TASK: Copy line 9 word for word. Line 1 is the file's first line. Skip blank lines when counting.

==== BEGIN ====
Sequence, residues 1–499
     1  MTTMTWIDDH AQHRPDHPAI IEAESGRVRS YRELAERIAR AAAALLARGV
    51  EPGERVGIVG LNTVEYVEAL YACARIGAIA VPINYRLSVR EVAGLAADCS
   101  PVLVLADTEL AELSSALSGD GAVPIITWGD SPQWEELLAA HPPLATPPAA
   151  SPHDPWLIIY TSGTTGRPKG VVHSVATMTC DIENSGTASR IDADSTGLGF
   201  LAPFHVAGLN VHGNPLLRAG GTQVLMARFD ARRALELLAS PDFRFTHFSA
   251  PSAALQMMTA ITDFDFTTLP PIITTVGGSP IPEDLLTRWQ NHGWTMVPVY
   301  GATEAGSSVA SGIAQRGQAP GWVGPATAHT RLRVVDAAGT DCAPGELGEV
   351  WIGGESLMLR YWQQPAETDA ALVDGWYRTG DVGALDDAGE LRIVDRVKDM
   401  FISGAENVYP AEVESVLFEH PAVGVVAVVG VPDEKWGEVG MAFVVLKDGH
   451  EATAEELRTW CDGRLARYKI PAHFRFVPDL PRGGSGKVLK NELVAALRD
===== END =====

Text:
   351  WIGGESLMLR YWQQPAETDA ALVDGWYRTG DVGALDDAGE LRIVDRVKDM